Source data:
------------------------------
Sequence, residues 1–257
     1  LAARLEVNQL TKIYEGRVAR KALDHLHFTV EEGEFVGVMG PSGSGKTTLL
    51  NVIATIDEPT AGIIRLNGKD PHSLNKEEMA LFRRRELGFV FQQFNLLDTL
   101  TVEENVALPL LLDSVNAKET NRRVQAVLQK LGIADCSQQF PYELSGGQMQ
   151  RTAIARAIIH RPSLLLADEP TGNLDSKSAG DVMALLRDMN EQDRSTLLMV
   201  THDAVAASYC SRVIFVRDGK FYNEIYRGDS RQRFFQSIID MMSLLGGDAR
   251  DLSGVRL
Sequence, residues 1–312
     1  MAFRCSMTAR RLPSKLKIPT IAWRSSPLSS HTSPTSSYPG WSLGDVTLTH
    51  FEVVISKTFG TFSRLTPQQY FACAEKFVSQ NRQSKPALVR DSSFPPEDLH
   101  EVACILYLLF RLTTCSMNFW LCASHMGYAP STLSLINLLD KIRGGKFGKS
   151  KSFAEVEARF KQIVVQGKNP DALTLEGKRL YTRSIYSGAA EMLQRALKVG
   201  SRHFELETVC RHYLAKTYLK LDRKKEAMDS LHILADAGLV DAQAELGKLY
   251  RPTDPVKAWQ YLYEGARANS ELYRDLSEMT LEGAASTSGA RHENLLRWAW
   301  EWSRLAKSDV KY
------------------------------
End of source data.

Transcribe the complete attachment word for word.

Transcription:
Sequence, residues 1–257
     1  LAARLEVNQL TKIYEGRVAR KALDHLHFTV EEGEFVGVMG PSGSGKTTLL
    51  NVIATIDEPT AGIIRLNGKD PHSLNKEEMA LFRRRELGFV FQQFNLLDTL
   101  TVEENVALPL LLDSVNAKET NRRVQAVLQK LGIADCSQQF PYELSGGQMQ
   151  RTAIARAIIH RPSLLLADEP TGNLDSKSAG DVMALLRDMN EQDRSTLLMV
   201  THDAVAASYC SRVIFVRDGK FYNEIYRGDS RQRFFQSIID MMSLLGGDAR
   251  DLSGVRL
Sequence, residues 1–312
     1  MAFRCSMTAR RLPSKLKIPT IAWRSSPLSS HTSPTSSYPG WSLGDVTLTH
    51  FEVVISKTFG TFSRLTPQQY FACAEKFVSQ NRQSKPALVR DSSFPPEDLH
   101  EVACILYLLF RLTTCSMNFW LCASHMGYAP STLSLINLLD KIRGGKFGKS
   151  KSFAEVEARF KQIVVQGKNP DALTLEGKRL YTRSIYSGAA EMLQRALKVG
   201  SRHFELETVC RHYLAKTYLK LDRKKEAMDS LHILADAGLV DAQAELGKLY
   251  RPTDPVKAWQ YLYEGARANS ELYRDLSEMT LEGAASTSGA RHENLLRWAW
   301  EWSRLAKSDV KY